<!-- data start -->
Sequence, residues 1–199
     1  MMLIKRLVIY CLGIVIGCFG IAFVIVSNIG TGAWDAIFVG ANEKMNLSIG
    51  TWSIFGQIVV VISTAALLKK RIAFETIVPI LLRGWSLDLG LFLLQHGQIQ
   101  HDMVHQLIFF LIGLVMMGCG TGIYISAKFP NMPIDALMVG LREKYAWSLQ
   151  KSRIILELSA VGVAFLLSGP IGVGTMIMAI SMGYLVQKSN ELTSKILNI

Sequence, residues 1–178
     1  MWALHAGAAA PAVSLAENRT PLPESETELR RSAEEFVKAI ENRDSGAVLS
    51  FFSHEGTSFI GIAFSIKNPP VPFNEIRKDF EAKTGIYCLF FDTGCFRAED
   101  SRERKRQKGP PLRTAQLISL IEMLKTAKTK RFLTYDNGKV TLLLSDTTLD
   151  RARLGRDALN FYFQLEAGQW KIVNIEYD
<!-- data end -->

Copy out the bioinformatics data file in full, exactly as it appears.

Sequence, residues 1–199
     1  MMLIKRLVIY CLGIVIGCFG IAFVIVSNIG TGAWDAIFVG ANEKMNLSIG
    51  TWSIFGQIVV VISTAALLKK RIAFETIVPI LLRGWSLDLG LFLLQHGQIQ
   101  HDMVHQLIFF LIGLVMMGCG TGIYISAKFP NMPIDALMVG LREKYAWSLQ
   151  KSRIILELSA VGVAFLLSGP IGVGTMIMAI SMGYLVQKSN ELTSKILNI

Sequence, residues 1–178
     1  MWALHAGAAA PAVSLAENRT PLPESETELR RSAEEFVKAI ENRDSGAVLS
    51  FFSHEGTSFI GIAFSIKNPP VPFNEIRKDF EAKTGIYCLF FDTGCFRAED
   101  SRERKRQKGP PLRTAQLISL IEMLKTAKTK RFLTYDNGKV TLLLSDTTLD
   151  RARLGRDALN FYFQLEAGQW KIVNIEYD